Dept Med Informat Biometry & Epidemiol, Univ Erlangen Nurnberg, Erlangen, Germany.
    European Society of Contact Dermatitis guideline for diagnostic patch testing: recommendations on best practice2015In: Contact Dermatitis, ISSN 0105-1873, E-ISSN 1600-0536, Vol. 73, no 4, p. 195-221Article, review/survey (Refereed)
    Abstract [en]

    The present guideline summarizes all aspects of patch testing for the diagnosis of contact allergy in patients suspected of suffering, or having been suffering, from allergic contact dermatitis or other delayed-type hypersensitivity skin and mucosal conditions. Sections with brief descriptions and discussions of different pertinent topics are followed by a highlighted short practical recommendation. Topics comprise, after an introduction with important definitions, materials, technique, modifications of epicutaneous testing, individual factors influencing the patch test outcome or necessitating special considerations, children, patients with occupational contact dermatitis and drug eruptions as special groups, patch testing of materials brought in by the patient, adverse effects of patch testing, and the final evaluation and patient counselling based on this judgement. Finally, short reference is made to aspects of (continuing) medical education and to electronic collection of data for epidemiological surveillance.

  • 16.
    Josefson, Anna
    et al.
    Örebro University Hospital. Department of Dermatology, Örebro University Hospital, Örebro, Sweden.
    Berg, Mats
    Department of Medical Sciences, Uppsala University, Uppsala, Sweden.
    Gånemo, Agneta
    Department of Dermatology, Institute of Clinical Research in Malmö, Lund University, Malmö, Sweden.
    Hallander, Anna
    Institute of Environmental Medicine, Karolinska Institutet, Stockholm, Sweden.
    Hindsén-Stenström, Monica
    Department of Dermatology, Institute of Clinical Research in Malmö, Lund University, Malmö, Sweden.
    Meding, Birgitta
    Institute of Environmental Medicine, Karolinska Institutet, Stockholm, Sweden.
    Svensson, Åke L.
    Department of Dermatology, Institute of Clinical Research in Malmö, Lund University, Malmö, Sweden.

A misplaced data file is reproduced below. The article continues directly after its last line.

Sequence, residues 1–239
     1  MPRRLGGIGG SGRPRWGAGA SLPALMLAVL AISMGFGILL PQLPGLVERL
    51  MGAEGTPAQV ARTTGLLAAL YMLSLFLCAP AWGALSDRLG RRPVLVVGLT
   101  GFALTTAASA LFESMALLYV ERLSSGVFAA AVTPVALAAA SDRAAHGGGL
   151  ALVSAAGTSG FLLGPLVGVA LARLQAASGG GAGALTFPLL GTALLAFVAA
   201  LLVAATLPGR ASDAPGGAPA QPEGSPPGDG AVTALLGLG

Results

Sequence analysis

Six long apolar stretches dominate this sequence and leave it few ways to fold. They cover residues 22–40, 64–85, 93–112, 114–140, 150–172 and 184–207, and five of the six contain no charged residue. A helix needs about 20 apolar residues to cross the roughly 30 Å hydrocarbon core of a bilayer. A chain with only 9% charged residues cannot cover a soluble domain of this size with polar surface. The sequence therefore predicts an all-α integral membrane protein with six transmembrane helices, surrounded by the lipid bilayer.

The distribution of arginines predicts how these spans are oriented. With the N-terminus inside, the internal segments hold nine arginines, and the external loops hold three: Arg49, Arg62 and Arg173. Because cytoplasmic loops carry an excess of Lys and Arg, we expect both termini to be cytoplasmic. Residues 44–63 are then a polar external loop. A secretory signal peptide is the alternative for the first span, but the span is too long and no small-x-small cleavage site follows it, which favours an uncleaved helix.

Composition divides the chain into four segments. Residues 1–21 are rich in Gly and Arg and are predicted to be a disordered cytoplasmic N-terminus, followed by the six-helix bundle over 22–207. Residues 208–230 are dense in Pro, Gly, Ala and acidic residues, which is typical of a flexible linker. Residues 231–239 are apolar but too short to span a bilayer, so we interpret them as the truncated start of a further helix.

Lindberg, Magnus
    Örebro University, School of Medical Sciences. Örebro University Hospital. Department of Dermatology, Örebro University Hospital, Örebro, Sweden.
    Methodological aspects of assessing hand eczema: Comparison of two tools and three different categories of evaluators2017In: British Journal of Dermatology, ISSN 0007-0963, E-ISSN 1365-2133, Vol. 176, no 5, p. 1373-1375Article in journal (Refereed)
  • 17.
    Jönsson, Agnez
    et al.
    WHO Collaborating Centre for Gonorrhoea and other STIs, Department of Laboratory Medicine, Microbiology, Örebro University Hospital, Örebro, Sweden.
    Foerster, Sunniva
    WHO Collaborating Centre for Gonorrhoea and other STIs, Department of Laboratory Medicine, Microbiology, Örebro University Hospital, Örebro, Sweden; Institute for Infectious Diseases, University of Bern, Bern, Switzerland; Institute of Social and Preventive Medicine, University of Bern, Bern, Switzerland.
    Golparian, Daniel
    Örebro University, School of Medical Sciences. WHO Collaborating Centre for Gonorrhoea and other STIs, Department of Laboratory Medicine, Microbiology, Örebro University Hospital, Örebro, Sweden.
    Hamasuna, Ryoichi
    Department of Urology, School of Medicine, University of Occupational and Environmental Health, Kitakyushu, Japan.
    Jacobsson, Susanne
    Örebro University, School of Medical Sciences. Örebro University Hospital. WHO Collaborating Centre for Gonorrhoea and other STIs, Department of Laboratory Medicine, Microbiology, Örebro University Hospital, Örebro, Sweden.
    Lindberg, Magnus
    Örebro University, School of Medical Sciences. Department of Dermatovenerology, Faculty of Health and Medical Sciences, Örebro University, Örebro, Sweden.
    Jensen, Jörgen Skov
    Department of Microbiology and Infection Control, Sexually Transmitted Infections, Research and Development, Statens Serum Institut, Copenhagen, Denmark.
    Ohnishi, Makoto
    Department of Bacteriology I, National Institute of Infectious Diseases, Tokyo, Japan.
    Unemo, Magnus
    WHO Collaborating Centre for Gonorrhoea and other STIs, Department of Laboratory Medicine, Microbiology, Örebro University Hospital, Örebro, Sweden.
    In vitro activity and time-kill curve analysis of sitafloxacin against a global panel of antimicrobial-resistant and multidrug-resistant Neisseria gonorrhoeae isolates2018In: Acta Pathologica, Microbiologica et Immunologica Scandinavica (APMIS), ISSN 0903-4641, E-ISSN 1600-0463, Vol. 126, no 1, p. 29-37Article in journal (Refereed)
    Abstract [en]